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Little flu in Georgia, South Carolina as season starts

Friday, Oct. 11, 2013 6:55 PM
Last updated 9:12 PM
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Georgia’s first flu surveillance report of the new flu season didn’t turn up much.

And after an early flurry of activity, reports of flu cases have died down at University Hospital in Augusta. South Carolina also isn’t seeing much activity.

The weekly report that covered the period ending Oct. 5 in Georgia found that slightly less than 1 percent of visits to physician offices and emergency rooms were by patients with flu-like illness. Of 321 specimens tested, only 12 – or 3.7 percent – were positive, according to the report by the Georgia Department of Public Health.

Activity was even lower in South Carolina, where 0.23 percent of visits were by patients with flu-like illness and only two samples tested positive for flu, according to the report by the South Carolina Department of Health and Environmental Con­trol. There were no flu-related hospitalizations or deaths reported in either state.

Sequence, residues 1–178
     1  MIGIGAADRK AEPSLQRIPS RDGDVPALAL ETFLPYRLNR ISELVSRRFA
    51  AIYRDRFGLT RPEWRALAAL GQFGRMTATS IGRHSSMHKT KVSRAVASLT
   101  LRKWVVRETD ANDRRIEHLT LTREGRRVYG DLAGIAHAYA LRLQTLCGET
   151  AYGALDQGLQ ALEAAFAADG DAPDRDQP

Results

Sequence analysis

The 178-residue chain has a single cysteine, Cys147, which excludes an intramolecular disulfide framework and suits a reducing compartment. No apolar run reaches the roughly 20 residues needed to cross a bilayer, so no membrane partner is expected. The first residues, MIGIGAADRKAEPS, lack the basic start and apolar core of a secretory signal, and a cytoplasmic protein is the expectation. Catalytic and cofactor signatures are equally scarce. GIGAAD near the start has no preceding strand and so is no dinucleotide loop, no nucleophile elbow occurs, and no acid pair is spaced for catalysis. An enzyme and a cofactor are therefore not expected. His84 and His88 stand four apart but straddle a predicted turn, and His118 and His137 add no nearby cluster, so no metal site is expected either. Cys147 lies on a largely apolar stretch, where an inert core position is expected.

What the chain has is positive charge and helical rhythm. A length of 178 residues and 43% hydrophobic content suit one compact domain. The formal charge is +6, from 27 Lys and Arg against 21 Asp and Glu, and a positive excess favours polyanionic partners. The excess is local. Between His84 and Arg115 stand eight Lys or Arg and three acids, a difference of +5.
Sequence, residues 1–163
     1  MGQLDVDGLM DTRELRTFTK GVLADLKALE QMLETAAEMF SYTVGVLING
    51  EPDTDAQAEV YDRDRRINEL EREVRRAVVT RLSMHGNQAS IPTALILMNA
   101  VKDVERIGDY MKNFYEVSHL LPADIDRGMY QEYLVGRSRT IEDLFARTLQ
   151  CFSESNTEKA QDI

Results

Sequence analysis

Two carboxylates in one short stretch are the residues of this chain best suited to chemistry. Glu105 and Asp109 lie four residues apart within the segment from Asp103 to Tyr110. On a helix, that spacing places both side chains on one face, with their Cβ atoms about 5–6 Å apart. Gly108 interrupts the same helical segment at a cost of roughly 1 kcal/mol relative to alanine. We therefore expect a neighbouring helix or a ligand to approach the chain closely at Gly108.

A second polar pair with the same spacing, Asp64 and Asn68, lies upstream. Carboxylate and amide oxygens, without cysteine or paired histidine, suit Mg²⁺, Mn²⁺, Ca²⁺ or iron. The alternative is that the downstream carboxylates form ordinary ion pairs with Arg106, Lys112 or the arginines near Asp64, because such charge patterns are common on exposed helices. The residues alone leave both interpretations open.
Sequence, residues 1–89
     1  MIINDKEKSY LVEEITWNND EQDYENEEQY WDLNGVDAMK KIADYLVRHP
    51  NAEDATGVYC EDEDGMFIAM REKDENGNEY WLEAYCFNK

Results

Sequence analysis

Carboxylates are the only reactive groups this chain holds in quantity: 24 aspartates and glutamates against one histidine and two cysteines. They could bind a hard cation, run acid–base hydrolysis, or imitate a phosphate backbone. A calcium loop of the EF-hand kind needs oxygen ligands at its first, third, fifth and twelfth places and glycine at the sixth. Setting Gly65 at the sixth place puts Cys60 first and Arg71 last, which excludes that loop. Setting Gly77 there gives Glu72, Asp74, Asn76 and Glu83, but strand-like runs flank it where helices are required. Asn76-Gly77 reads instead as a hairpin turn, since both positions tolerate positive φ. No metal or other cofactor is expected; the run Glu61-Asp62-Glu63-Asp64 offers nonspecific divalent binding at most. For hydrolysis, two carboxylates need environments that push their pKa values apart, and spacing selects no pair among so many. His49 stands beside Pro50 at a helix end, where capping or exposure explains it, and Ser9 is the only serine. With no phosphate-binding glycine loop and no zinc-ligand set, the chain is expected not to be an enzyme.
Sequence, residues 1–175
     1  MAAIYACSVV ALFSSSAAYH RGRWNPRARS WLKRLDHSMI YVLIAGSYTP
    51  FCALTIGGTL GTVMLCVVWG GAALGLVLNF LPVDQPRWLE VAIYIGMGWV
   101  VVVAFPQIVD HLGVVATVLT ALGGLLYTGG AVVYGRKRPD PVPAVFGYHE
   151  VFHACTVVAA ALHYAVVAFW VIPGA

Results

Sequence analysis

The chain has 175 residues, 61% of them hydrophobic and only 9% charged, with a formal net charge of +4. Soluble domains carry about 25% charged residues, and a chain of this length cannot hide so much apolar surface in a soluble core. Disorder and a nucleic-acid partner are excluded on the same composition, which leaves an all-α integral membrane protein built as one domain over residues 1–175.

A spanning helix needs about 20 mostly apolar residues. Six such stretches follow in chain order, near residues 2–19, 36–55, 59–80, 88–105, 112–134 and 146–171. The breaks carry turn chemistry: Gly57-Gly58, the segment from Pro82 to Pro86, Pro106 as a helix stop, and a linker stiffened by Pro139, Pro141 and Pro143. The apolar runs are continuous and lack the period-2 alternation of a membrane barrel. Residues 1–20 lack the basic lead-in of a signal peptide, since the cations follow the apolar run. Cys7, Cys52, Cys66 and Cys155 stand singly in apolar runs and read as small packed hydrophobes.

After an initial spate of positive tests at University Hospital three to four weeks ago, there has not been a positive test for two weeks and the number of patients with flu-like illness has declined, said Dr. Craig Smith, the medical director for infectious disease. He suspects education and people rushing to get vaccinated after cases became public might have helped.

Google Flu Trends, which tracks activity in a region by the number of people searching flu-related terms, lists both states and the nation as a whole as “low” in flu activity as of Sunday.

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Little Lamb
Little Lamb 10/12/13 - 08:31 am
Early Flurry

The "early flurry of [flu] activity" was likely caused by reaction to the flu vaccine by all those folks who rushed out and got flu shots in August. It is well known that a small percentage of people develop flu and/or flu symptoms as a side effect of the vaccine.

It is best to get your flu vaccine in November, since the actual flu "season" does not start until cold weather hits.

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